Monday, July 25, 2011

More on macroeconometrics

The other day I said that macroeconometric role models should be people like Robert Barro and Christina Romer, who understand the issues surrounding identification of macroeconomic models. Of course, there's one major problem with using a lot of this work in practice, which Jonathan Parker points out in a new NBER working paper. From the abstract:

"We do not have a good measure of the effects of fiscal policy in a recession because the methods that we use to estimate the effects of fiscal policy — both those using the observed outcomes following different policies in aggregate data and those studying counterfactuals in fitted model economies -- almost entirely ignore the state of the economy and estimate 'the' government multiplier, which is presumably a weighted average of the one we care about — the multiplier in a recession — and one we care less about — the multiplier in an expansion. Notable exceptions to this general claim suggest this difference is potentially large."

His solution is a more careful look at general equilibrium effects. This is similar to my response to the Conley-Dupor paper, where I suggest that some sense of the magnitude of interstate trade would help us understand exactly what the Conley-Dupor results are telling us. This also smacks of Old Keynesian econometrics to me: identify all the micro-reaction components (marginal propensities to consume, import, etc.) and then slap it all together to get a rough estimate of a fiscal multiplier.

Andrew Bossie advocated a mixed-methods approach to multipliers, and to a certain extent I agree. We can't just embrace all clearly biased estimators and call that "mixed methods", but we can take weighted averages of multipliers like Barro's and Romer's, and compare that to cross-national studies, and studies that build a multiplier up from its constituent parts, etc. I just don't like the idea of taking an estimator we know is going to be biased - like these cross-state studies - and throwing them into the pot, just assuming that the average that we get out is going to be useful.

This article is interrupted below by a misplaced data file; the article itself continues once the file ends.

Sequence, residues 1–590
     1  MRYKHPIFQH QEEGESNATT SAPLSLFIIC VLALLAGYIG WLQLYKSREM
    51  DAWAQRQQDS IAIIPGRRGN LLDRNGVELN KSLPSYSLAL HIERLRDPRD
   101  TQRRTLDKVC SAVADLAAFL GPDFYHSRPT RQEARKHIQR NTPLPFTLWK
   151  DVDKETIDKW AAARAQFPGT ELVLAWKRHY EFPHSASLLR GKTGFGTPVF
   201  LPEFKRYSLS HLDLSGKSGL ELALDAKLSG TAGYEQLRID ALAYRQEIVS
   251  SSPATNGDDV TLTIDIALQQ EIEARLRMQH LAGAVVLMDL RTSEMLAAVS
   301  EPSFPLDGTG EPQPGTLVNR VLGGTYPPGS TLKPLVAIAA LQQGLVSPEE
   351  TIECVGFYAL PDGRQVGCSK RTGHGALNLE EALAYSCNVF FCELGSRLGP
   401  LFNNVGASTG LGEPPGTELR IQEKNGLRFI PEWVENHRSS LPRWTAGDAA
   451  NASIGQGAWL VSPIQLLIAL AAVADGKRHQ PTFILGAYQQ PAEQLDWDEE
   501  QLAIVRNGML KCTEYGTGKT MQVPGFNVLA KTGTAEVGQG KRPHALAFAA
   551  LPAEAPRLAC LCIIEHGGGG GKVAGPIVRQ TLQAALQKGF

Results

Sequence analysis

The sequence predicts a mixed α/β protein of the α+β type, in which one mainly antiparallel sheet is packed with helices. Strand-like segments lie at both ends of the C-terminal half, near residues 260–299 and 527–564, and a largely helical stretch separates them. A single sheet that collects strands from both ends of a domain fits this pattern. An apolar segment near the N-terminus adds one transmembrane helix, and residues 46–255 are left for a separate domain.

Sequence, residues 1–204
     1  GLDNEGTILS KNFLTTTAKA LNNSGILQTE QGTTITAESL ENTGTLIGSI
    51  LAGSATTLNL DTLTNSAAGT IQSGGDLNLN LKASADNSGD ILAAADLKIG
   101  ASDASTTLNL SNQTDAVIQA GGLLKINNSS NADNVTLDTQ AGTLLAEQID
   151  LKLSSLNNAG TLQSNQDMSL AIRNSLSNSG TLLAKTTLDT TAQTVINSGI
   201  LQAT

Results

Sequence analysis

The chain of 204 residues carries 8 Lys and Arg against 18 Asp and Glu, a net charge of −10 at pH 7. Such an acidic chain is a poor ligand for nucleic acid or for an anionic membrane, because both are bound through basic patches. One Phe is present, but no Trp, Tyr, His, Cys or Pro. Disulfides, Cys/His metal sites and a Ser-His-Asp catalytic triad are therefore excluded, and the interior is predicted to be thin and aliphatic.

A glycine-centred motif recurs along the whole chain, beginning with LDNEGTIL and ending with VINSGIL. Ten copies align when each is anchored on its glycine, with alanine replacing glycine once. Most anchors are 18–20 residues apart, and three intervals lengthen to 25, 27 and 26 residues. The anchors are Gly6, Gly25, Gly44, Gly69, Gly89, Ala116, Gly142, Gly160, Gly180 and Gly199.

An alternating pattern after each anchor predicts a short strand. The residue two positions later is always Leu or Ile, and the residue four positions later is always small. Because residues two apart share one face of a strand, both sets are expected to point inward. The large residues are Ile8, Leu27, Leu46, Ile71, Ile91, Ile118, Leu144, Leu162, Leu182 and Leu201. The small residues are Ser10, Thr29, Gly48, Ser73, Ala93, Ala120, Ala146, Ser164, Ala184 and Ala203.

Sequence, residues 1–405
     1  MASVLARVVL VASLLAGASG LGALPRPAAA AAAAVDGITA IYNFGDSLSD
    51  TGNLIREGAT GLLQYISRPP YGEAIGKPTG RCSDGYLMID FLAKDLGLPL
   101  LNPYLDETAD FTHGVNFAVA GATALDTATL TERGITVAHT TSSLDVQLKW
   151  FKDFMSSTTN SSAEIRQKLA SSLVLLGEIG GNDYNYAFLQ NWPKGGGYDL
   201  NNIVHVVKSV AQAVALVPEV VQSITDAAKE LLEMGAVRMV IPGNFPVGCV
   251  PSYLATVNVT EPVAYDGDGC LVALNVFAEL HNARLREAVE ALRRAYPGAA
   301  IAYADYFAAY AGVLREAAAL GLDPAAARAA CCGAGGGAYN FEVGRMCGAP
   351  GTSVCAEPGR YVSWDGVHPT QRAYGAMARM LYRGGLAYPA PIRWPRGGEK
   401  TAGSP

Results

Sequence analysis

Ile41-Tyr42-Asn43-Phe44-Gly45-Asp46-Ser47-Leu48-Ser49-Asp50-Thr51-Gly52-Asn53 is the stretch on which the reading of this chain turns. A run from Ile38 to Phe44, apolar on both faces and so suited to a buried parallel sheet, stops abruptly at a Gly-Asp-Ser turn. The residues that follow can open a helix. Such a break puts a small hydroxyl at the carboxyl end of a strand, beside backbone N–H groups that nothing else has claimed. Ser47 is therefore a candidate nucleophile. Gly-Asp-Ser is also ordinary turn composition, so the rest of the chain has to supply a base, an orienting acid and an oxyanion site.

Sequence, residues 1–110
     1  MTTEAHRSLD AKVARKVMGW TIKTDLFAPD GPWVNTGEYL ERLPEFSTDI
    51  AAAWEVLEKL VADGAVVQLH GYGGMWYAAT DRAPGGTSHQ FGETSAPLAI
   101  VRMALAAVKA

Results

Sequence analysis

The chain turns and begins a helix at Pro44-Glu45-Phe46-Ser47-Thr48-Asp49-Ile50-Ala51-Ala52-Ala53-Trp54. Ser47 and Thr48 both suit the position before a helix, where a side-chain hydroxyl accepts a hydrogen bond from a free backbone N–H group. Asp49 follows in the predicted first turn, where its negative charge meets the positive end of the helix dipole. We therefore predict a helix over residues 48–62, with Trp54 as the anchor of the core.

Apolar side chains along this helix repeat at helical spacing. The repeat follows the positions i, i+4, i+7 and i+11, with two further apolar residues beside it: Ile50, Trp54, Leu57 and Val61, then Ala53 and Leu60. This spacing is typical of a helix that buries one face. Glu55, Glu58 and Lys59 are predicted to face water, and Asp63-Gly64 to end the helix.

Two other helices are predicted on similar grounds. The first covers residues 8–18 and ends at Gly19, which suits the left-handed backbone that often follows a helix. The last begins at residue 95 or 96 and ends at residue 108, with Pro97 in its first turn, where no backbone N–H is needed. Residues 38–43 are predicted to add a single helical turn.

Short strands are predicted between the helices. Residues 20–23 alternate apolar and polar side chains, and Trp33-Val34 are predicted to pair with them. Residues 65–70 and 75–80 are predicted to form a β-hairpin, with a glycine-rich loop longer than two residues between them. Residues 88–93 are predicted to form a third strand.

Parker suggests: "Microeconomic estimates of the partial-equilibrium causal effects of a policy can discipline the causal channels inherent in any DSGE model of the general equilibrium effects of policy. Microeconomic studies can also provide measures of the dependence of the effects of a policy on the states of different agents which is a key component of the dependence of the general-equilibrium effects of fiscal policy on the state of the economy." It sounds like calibrating a DSGE model instead of the traditional calibration of an Old Keynesian model.

1 comment:

  1. To clarify a little. I prefer "nonparametric" and other techniques that estimate things other than the mean effect. I'm a big fan of quantile regressions.

    My mixed-methods approach is definitely not to look for a mean among studies but rather to approach the whole thing less formally and think about things in a "general sense" since I don't think econometrics really produces capital T truth anyway.

    Also, have you seen this paper? It's an example of trying to estimate fiscal policy effects that isn't simply a mean effect. It's in a framework I think you are more comfortable with:


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